Interview with Tokuhiko Kise of TRUCK Furniture

Truck Furniture, Osaka, Japan

About TRUCK Furniture

TRUCK Furniture was founded in Osaka by designers Tokuhiko Kise and Hiromi Karatsu back in 1997. Their design ethos is to make furniture that they want for themselves, regardless of fashion or trend, with items taking on a simplistic but handcrafted style.

The company takes great pride in using natural materials such as wood and leather, but they also mix in steel where it sees fit, creating furniture that has a distinct charm and character.

Photography: Mark Robinson


Tokuhiko Kise, the owner and founder of TRUCK Furniture is a creative that we’ve known for many years now. We originally met him in London a few years back and we’ve continued our connection through this website by selling a full selection of publications from the workshop in our shop.

In 2016 we ventured to Osaka to document the TRUCK workshop in more detail and to reunite with Tok once again. The workshop itself is on the lower ground to the left, everything here is made by hand by a team of dedicated woodworkers, and above is where they are able to show off all the work that they make and sell a selection of a lifestyle items to compliment.

A thing that struck me was the connection between all the different buildings and the activities that take place inside. It’s a creative hub of sorts and is very inspiring to see as not only do the workshop, cafe and showroom reside in this area, his family also live in the house behind and is a place that houses leather making craftsman Atelier Shirokumasha and his wife’s workshop that specialises in illustration.

Here’s a selection of photos from our visit to the showroom and workshop, but we highly reccomend you visit for yourself and get sucked in to this world that Tokuhiko Kise has created for everyone to enjoy. We promise you won’t be disappointed.

Address: 6-8-48 Shinmori, Asahi-ku, Osaka, 535-0022, Japan

Inside the main TRUCK showroom. Here they present the furniture for people to look at and use.
Inside the main TRUCK showroom. Here they present the furniture for people to look at and use.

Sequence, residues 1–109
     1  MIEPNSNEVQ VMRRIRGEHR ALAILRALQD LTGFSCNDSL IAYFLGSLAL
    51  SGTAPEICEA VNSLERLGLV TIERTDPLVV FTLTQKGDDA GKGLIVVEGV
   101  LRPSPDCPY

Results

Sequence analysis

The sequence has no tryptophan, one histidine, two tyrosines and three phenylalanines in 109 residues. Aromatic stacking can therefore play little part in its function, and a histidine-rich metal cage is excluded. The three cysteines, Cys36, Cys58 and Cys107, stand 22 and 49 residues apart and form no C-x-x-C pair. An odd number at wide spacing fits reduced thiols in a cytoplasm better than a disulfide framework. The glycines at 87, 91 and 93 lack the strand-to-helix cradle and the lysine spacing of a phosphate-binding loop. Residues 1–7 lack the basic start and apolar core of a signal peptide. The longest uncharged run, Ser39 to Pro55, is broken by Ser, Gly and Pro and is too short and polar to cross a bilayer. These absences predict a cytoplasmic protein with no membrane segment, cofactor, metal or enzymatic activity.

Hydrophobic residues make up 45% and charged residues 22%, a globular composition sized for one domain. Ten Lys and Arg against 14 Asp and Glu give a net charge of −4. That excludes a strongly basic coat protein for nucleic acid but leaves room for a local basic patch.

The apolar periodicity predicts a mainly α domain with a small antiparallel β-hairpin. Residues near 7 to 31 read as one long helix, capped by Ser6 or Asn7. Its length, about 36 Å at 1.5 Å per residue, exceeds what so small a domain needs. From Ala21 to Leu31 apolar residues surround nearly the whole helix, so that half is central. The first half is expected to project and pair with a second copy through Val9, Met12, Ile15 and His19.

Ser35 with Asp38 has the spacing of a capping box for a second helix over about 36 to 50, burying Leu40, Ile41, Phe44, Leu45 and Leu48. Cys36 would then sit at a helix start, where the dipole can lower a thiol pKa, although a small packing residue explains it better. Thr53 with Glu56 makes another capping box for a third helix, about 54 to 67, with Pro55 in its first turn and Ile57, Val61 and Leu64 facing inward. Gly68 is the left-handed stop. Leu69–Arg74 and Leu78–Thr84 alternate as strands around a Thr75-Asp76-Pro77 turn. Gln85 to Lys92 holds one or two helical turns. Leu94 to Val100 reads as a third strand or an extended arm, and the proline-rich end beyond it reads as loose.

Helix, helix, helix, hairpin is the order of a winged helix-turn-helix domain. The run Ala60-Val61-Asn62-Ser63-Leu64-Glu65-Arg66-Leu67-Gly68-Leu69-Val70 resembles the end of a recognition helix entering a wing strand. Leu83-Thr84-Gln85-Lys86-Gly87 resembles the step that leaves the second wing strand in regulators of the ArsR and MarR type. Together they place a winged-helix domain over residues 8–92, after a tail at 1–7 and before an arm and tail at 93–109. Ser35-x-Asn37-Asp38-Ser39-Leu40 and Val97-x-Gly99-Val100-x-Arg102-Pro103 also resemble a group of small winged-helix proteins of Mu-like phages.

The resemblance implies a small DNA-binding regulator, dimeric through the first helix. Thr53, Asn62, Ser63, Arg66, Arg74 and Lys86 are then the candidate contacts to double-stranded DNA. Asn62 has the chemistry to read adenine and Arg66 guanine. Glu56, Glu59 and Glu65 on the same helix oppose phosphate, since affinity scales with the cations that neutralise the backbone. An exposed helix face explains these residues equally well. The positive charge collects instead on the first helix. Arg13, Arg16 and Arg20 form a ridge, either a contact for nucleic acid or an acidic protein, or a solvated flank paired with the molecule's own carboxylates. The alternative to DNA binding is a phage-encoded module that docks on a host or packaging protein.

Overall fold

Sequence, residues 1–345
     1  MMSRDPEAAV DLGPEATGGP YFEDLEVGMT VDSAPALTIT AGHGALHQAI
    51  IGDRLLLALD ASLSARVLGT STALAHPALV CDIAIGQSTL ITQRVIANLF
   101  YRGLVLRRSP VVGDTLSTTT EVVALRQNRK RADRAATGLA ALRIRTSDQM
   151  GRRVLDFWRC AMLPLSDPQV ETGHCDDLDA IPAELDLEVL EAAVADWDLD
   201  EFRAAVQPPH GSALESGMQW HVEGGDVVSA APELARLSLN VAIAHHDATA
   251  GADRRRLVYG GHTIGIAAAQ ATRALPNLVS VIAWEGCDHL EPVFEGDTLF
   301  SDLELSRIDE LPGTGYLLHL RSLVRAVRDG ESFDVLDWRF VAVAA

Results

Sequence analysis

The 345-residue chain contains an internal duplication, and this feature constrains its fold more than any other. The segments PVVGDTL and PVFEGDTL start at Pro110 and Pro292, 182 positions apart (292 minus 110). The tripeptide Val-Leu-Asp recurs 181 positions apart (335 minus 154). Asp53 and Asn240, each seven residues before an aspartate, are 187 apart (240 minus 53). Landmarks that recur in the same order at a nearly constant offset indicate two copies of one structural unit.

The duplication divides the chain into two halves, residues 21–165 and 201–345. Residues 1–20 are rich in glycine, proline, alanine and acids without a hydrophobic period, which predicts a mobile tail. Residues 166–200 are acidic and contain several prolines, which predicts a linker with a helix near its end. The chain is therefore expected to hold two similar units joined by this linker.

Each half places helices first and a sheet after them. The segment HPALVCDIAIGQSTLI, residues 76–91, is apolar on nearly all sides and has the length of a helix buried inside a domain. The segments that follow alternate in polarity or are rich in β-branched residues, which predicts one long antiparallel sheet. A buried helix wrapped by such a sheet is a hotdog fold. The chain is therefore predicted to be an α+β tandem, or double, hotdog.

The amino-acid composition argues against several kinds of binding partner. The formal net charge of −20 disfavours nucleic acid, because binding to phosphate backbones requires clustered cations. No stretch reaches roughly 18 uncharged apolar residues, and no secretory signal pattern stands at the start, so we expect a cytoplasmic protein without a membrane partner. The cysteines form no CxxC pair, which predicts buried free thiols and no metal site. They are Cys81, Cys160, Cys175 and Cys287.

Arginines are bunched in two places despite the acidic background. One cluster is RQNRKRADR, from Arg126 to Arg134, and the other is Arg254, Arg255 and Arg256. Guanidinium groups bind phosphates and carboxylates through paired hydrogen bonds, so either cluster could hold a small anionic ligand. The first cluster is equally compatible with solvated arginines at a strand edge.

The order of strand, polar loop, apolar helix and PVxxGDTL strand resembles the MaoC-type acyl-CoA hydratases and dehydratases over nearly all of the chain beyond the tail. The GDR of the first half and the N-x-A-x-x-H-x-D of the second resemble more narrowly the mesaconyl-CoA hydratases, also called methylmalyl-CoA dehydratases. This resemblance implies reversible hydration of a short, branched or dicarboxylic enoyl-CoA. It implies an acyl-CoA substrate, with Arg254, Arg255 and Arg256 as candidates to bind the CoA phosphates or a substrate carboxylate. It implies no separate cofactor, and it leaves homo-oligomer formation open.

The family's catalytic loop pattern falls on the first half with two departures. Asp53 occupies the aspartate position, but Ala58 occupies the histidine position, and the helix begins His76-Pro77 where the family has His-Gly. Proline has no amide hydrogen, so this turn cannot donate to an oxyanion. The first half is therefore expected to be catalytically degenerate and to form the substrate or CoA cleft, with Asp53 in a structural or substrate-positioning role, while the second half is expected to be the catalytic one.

Tableware inside the TRUCK showroom.Furniture and planting inside the TRUCK showroom.
A look at the lower floor showroom at TRUCK Furniture in Osaka, Japan.
Truck Furniture wooden lamps other lifestyle products inside their store.
A look inside the upper floor showroom at TRUCK Furniture in Osaka, Japan.
Swivel Chair by TRUCK FurnitureLamp Hand turned a the TRUCK Workshop.
Today is a Good Day at the TRUCK Workshop
Corduroy and Harris Tweed Sofa by TRUCK Furniture
Planting inside the TRUCK showroom.Handmade stools using both metal and wood.
Front cover of the TRUCK Publication framed and placed on the showroom walls.
A selection of tableware and interior products.Chairs and tables all made by TRUCK Furniture.
TRUCK Nest book available at OEN Shop.
Sofas and beds handmade in Osaka, JapanThey also sell a selection of pottery and ceramics.
A view of Osaka from the top floor of the showroom.
Owner of TRUCK, Tokuhiko Kise.Tok walking back to the ground floor of the TRUCK showroom.
Owner of TRUCK Furniture Tokuhiko Kise at his showroom in Osaka, Japan.
Inside the ground floor workshop of TRUCK Furniture.
Inside the ground floor workshop of TRUCK Furniture.
Truck's craftsmen workshop on the construction of the furniture.Overlooking the production process of their furniture.
A handmade chair being produced inside the studio.
Craftsmen at work inside the workshop of TRUCK Furniture.
Craftsmen at work inside the workshop of TRUCK Furniture.
Aprons inside the workshop of TRUCK Furniture.
Different varnishes that they use and apply to the furniture.
Different varnishes that they use and apply to the furniture.
Craftsman inside the workshop building frames.
Three young craftsman inside the TRUCK workshop.
Three young craftsman inside the TRUCK workshop.
Leather workshop Atelier Shirokumasha at the back of the TRUCK property.
Leather workshop Atelier Shirokumasha at the back of the TRUCK property.
Another look inside Atelier Shirokumasha.
Atelier Shirokumasha sign.Tok's dogs inside his house.
Atelier Shirokumasha's interior.
The entrance to Bird Coffee, here you can relax. Stools handmade for Bird Coffee by TRUCK Furniture.